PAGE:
WASHINGTON -- With the flag-burning controversy still smoldering, the Supreme Court balked yesterday at a suggestion that federal prosecutors might yet pursue criminal charges against those who destroy America's emblem in protest.
In a brief order, the justices told a federal appeals court to reconsider a ruling that had given prosecutors a new basis for punishing those who burn the flag as part of a political
From all appearances, the justices' action was unanimous -- thus marking the first time that the newest member, Justice David H. Souter, had taken any part in the angry controversy that had split the court 5-4 before he got there.
The court did not reveal how it voted, but the action would have required approval of at least five justices. No dissents were noted.
Under the lower court ruling set aside yesterday, charges of
flag-desecration could be pursued if officials
feared that a flag burning would provoke others on the scene to engage in violence or vandalism.
Twice in the past 15 months, the Supreme Court had ruled that it is unconstitutional to prosecute those who destroy the flag during a political protest because that would interfere with the constitutional right of free speech.
The second of those rulings came June 11, raising serious doubt that anyone could ever be prosecuted for violating the federal flag-desecration law that Congress had passed after
the Supreme Court's first ruling, in 1989, protecting flag burners.
It was the second decision that the justices yesterday said must be taken into account by the 8th U.S. Circuit Court of Appeals, in Minneapolis, in reconsidering the conviction of William C. Cary Jr., 23. Mr. Cary was convicted under the old federal flag-protection law, but the court has found little difference between that one and the new one.
Mr. Cary had joined in a protest march in Minneapolis in 1988, when demonstrators objected to the send
ing of U.S. troops to Honduras to support the contra rebels fighting the Nicaraguan government. When the marchers reached a military recruiting center, Mr. Cary burned a flag and threw the flaming cloth into an alcove of the center.
Before he did that, another protester had broken windows of the center and had shot fireworks through the windows.
Mr. Cary was arrested and prosecuted for showing "contempt" for the flag by destroying it. But, after his trial, the Supreme Court's first ruling
on the subject came down, saying that prosecution for that reason would be unconstitutional.
At that point, prosecutors shifted ground, and argued in an appeal to the Circuit Court that Mr. Cary's conviction could be upheld anyway because his action posed a threat of further physical violence. That approach would create a fairly wide loophole for prosecutors to use, and the loophole got the Circuit Court's approval in its decision Feb. 26.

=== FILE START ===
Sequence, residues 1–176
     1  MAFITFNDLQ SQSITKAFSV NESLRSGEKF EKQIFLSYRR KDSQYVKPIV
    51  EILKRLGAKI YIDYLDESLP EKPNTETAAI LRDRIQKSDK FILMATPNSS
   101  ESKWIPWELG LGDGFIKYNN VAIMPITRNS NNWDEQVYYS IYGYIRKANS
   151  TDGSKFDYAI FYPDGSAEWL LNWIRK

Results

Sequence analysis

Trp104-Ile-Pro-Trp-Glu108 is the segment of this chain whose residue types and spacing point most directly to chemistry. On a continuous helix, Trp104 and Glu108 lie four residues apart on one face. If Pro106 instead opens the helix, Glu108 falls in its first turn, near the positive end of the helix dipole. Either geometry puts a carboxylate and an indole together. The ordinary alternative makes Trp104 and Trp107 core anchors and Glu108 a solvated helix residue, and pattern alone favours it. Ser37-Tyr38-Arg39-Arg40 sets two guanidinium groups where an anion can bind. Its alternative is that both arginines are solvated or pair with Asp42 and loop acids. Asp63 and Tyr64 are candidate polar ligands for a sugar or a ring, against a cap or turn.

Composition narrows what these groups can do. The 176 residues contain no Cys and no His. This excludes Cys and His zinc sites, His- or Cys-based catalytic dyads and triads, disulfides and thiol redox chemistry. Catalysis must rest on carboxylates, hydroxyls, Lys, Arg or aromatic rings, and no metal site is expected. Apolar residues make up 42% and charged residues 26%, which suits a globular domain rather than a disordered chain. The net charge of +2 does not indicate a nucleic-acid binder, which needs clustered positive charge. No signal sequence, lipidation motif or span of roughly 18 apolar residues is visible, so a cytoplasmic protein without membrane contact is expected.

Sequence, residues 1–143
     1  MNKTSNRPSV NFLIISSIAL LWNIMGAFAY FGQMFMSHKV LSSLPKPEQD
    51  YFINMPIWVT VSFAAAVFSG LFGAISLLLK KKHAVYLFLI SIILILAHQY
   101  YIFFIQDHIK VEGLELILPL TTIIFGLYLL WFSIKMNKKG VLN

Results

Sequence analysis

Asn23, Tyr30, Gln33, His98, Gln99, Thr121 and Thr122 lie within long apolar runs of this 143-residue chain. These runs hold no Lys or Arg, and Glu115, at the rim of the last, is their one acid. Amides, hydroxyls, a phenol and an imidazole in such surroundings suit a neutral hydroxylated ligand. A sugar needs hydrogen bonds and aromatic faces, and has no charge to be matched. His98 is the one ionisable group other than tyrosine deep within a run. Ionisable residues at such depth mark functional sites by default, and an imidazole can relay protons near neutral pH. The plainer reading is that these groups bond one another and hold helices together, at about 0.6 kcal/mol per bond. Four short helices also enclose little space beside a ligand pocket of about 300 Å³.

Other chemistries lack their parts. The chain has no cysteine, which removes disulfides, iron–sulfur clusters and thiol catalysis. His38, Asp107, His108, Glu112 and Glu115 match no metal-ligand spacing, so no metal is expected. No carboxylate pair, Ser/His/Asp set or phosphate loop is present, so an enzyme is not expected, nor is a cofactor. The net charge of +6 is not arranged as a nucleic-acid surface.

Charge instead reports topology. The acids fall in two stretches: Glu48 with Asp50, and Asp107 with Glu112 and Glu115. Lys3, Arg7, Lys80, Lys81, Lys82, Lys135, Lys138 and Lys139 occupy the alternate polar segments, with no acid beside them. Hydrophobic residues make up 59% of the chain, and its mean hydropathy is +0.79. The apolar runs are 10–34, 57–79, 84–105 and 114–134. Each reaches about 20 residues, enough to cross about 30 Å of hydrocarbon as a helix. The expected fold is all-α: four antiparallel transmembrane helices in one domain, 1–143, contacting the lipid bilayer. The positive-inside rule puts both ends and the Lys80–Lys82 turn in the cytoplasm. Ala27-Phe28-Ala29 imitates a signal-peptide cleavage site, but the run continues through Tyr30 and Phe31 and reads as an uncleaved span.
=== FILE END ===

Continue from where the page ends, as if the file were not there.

The federal government urged the Supreme Court to simply leave Mr. Cary's conviction -- and the prosecution loophole -- intact, by denying review. The court silently rejected that suggestion in telling the Circuit Court to reconsider (Cary vs. U.S., No. 90-5183).
The justices also took several other significant actions yesterday:
* By turning aside appeals by 34 states, including Maryland, the justices all but blotted out any efforts by states to stop airlines from using deception in advertising supposedly cheaper airfares.
State attorneys general had banded together in a vow to force airlines, in their ticket ads, to make full disclosure of all the charges that are added to the base ticket price. But the airlines went to court, and argued successfully that the federal government alone has power to police any deceptive tactics toward air passengers. (Mattox and California Attorney General vs. Trans World Airlines, Nos. 90-221 and 90-232.)
* The court cleared the way for federal prosecutors to make use of the tough 1970 anti-racketeering law against peddlers of allegedly obscene magazines and films. Over the lone dissent of Justice Byron R. White, the court refused to review the first case in which the rackets law was used against a distributor of sexually explicit items (Pryba vs. U.S., No. 89-1902).
And in other actions, the court ruled unanimously, but without a written opinion, that the federal Voting Rights Act requires states covered by that law to get federal government clearance before creating any new state judgeships; it allowed police departments to discipline male officers for wearing decorative ear studs, even while off-duty; and it agreed to decide whether it is unconstitutional for a judge to impose a death sentence in a murder case after prosecutors had told the accused they would not seek such a penalty.